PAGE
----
"The law to him
Is like a foul, black cobweb to a spider, -
He makes it his dwelling and a prison
To entangle those shall feed him."

When the Duke relies on face to speak character Bosola says
"There's no more credit to be given to the face
Than to a sick man's urine, which some call
The physician's whore, because she cozens him."
When Duke offers Bosola gold. Bosola distrusts:
"Never rain'd such showers as these
Without thunderbolts i' the tail of them. - Whose throat must I cut?"

"'Diamonds are of most value,
They say, that have pass'd through most jewellers' hands.'
'Whores by that rule are precious.'"

"Like the irregular crab,
Which, though't goes backwards, thinks that it goes right
Because it goes its own way"

"The marriage night
Is the entrance into some prison."

"And those joys,
Those lustful pleasures, are like heavy sleeps
Which do fore-run man's mischief."

"Say a man never marry, nor have children,
What takes that from him? Only the bare name
Of being a father, or the weak delight
To see the little wanton ride a-cock-horse
Upon a painted stick, or hear him chatter
Like a taught starling."

"He's a fool
That, being a-cold, would thrust his hands i' the fire
To warm them."

"Search the heads of the greatest rivers in the world, you shall find them but bubbles of water."
"Though lust do mask in ne'er so strange disguise,
She's oft found witty but is never wise."

"like one
That hath a little fing'ring on the the lute,
Yet cannot tune it."

Ferdinand is very angry. He threatens :
"Of her bleeding heart I make sponge ...
... I might toss her palace 'bout her ears,
Root up her goodly forests, blast her meads,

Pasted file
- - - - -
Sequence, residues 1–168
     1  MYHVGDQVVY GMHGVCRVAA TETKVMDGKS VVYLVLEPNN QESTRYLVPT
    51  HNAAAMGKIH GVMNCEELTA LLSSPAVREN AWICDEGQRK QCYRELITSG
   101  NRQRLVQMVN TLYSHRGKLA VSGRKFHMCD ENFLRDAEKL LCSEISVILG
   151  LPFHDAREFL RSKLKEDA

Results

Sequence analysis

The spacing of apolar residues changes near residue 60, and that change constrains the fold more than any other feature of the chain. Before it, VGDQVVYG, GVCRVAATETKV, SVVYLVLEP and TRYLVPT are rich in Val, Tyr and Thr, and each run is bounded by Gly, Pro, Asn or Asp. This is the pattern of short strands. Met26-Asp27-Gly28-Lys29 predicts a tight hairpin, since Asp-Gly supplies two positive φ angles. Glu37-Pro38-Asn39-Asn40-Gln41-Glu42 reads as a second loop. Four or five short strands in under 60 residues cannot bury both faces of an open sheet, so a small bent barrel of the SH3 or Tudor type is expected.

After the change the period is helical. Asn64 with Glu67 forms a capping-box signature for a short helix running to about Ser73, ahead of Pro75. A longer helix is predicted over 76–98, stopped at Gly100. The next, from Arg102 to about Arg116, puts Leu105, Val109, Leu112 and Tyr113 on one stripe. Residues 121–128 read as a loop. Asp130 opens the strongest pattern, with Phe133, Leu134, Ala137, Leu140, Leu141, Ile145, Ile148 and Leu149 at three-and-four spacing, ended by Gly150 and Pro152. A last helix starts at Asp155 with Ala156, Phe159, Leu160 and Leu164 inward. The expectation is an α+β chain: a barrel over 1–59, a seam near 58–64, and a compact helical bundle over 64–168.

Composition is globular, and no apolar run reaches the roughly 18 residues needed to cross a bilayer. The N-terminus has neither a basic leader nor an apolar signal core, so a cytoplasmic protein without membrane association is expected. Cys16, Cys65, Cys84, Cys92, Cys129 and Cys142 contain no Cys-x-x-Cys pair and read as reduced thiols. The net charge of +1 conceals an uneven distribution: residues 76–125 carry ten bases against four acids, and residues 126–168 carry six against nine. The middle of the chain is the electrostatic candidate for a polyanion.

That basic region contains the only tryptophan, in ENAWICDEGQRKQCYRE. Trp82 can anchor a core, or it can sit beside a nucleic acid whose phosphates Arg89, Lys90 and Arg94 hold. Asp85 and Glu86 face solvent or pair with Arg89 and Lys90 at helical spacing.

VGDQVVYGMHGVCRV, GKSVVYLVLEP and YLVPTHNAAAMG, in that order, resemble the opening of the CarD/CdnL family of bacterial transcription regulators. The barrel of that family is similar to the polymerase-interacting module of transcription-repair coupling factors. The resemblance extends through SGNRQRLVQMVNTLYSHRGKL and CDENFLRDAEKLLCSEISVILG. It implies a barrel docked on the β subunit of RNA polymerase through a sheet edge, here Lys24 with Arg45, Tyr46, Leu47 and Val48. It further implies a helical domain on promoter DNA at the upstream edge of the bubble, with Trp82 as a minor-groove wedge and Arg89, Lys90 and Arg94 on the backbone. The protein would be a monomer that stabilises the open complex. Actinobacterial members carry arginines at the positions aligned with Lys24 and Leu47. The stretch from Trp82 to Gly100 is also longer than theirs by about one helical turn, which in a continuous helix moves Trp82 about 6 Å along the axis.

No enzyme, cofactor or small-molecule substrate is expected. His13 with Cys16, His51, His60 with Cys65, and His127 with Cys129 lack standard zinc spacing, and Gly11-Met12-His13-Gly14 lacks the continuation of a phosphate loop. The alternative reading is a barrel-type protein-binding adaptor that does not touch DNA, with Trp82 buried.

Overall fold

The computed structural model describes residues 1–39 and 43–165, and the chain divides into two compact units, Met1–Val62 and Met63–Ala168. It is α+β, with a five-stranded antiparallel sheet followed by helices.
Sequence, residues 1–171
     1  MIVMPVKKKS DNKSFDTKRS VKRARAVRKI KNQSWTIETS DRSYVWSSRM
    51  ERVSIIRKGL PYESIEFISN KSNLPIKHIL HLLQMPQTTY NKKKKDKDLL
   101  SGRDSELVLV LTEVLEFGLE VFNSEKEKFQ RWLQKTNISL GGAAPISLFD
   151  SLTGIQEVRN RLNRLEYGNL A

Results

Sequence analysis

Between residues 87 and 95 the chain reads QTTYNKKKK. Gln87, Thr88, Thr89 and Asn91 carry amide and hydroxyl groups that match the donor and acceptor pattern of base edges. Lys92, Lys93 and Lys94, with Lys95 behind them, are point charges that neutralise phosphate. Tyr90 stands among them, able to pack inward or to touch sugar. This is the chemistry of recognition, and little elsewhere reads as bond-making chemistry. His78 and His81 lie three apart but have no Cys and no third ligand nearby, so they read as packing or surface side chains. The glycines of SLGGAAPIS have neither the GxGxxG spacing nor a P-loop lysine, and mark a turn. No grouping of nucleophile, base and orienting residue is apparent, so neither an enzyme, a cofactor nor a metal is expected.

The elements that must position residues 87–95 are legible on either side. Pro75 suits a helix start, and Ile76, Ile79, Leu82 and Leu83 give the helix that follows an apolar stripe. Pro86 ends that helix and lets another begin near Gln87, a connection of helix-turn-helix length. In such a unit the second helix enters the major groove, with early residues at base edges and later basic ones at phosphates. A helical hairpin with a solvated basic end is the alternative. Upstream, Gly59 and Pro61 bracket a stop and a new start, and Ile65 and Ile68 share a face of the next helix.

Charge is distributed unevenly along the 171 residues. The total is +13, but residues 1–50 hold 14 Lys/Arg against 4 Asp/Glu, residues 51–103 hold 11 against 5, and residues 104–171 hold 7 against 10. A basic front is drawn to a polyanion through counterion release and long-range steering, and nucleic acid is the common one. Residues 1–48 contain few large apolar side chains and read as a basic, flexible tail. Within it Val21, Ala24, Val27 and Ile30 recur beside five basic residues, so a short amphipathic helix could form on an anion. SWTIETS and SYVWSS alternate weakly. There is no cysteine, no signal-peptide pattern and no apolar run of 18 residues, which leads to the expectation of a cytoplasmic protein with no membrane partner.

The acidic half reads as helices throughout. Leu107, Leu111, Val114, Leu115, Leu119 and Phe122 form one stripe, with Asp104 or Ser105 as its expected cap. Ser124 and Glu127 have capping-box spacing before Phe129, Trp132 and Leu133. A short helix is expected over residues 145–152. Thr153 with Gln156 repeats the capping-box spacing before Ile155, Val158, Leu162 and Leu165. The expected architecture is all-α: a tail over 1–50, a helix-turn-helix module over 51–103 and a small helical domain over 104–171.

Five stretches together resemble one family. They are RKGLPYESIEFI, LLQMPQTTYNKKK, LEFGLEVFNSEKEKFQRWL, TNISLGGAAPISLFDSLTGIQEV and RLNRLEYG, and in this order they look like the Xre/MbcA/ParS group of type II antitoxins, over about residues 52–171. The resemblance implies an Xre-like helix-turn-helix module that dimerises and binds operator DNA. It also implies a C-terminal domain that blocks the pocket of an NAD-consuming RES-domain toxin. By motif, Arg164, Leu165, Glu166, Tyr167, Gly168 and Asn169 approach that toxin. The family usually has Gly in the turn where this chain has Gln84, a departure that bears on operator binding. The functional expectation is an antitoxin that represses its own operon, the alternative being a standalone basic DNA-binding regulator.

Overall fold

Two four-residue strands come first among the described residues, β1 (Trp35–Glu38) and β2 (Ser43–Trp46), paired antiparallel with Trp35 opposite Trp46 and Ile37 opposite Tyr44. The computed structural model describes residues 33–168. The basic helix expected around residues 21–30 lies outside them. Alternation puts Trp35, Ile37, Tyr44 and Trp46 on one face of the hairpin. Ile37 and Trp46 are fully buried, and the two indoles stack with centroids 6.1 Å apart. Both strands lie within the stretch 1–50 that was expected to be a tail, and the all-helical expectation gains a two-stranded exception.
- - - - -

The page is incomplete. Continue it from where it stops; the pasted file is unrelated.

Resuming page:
And lay her general territory as waste ...
"We must not now use balsamum, but fire, 
The smarting cupping-glass, for that's the means
To purge infected blood ...
... my imagination will carry me
To see her, in the shameful act of sin ...
... with some strong-thigh'd bargeman;
Or one o' th' wood-yard, that can quoit the sledge,
Or toss the bar, or else some lowly squire
That carries coal up to her privy lodgings ...
... I would have their bodies
Burnt in a coal-pit, with the ventage stopp'd,
That their curs'd smoke might not ascend to heaven:
Or dip the sheets they lie in, in pitch or sulphur,
Wrap them in't, and then light them like a match;
Or else boil their bastard to a cullis,
And give 't his lecherous father, to renew
The sin of his back ...
Till I know who leaps my sister, I'll not stir:
That known, I'll find scorpions to string my whips,
And fix her in a general eclipse."
WOW!

A: We'll sleep together: -
D: Alas, what pleasure can two lovers find in sleep?
C: My lord, I lie with her often; and I know
She'll much disquiet you ...
For she's the sprawling'st bedfellow.
...
[to A] Wherefore still when you lie with my lady
Do you rise so early?
A: Labouring men
Count the clock oft'nest Cariola,
Are glad when their task's ended.
"

"A politician is the devil's quilted anvil -
He fashions all sins on him, and the blows
Are never heard: he may work in a lady's chamber,
As here for proof."

"With such a pity men preserve alive
Pheasants and quails, when they are not fat enough
To be eaten."

"Man is most happy when's own actions
Be arguments and examples of his virtue."

"I account this world a tedious theatre,
For I do play a part in 't 'gainst my will."

"I am acquainted with sad misery
As the tann'd galley-slave is with his oar"
"What's this flesh? a little crudded milk, fantastical puff-paste; our bodies are weaker than those paper prisons boys use to keep flies in. Dids't thou ever see a lark in a cage? such is the soul in the body: this world is like her little turf of grass, and the heaven o'er our heads, like her looking-glass, only gives us a miserable knowledge of the small compass of our prison."

"I know death has ten thousand several doors
For men to take their exits; and 'tis found
They go on such strange geometrical hinges,
You may open them both ways."

"Murder shrieks out:
The element of water moistens the earth,
But blood flies upwards, and bedews the heavens."

"Cover her face: mine eyes dazzle: she died young."

"I bade thee, when I was distracted of my wits,
Go kill my dearest friend, and thou hast done't."

"I'll go hunt the badger, by owl-light"

"Your bright eyes
Carry a quiver of darts in them, sharper
Than sunbeams.

"Like the mice
That forsake falling houses, I would shift
To other dependance."

"Are you so far in love with sorrow,
You cannot part with part of it?"

"The only way to make thee keep my counsel
Is not to tell thee."

"I must look to my footing:
In such slippery ice-pavements, men had need
To be frost-nail'd well; they may break their necks else ...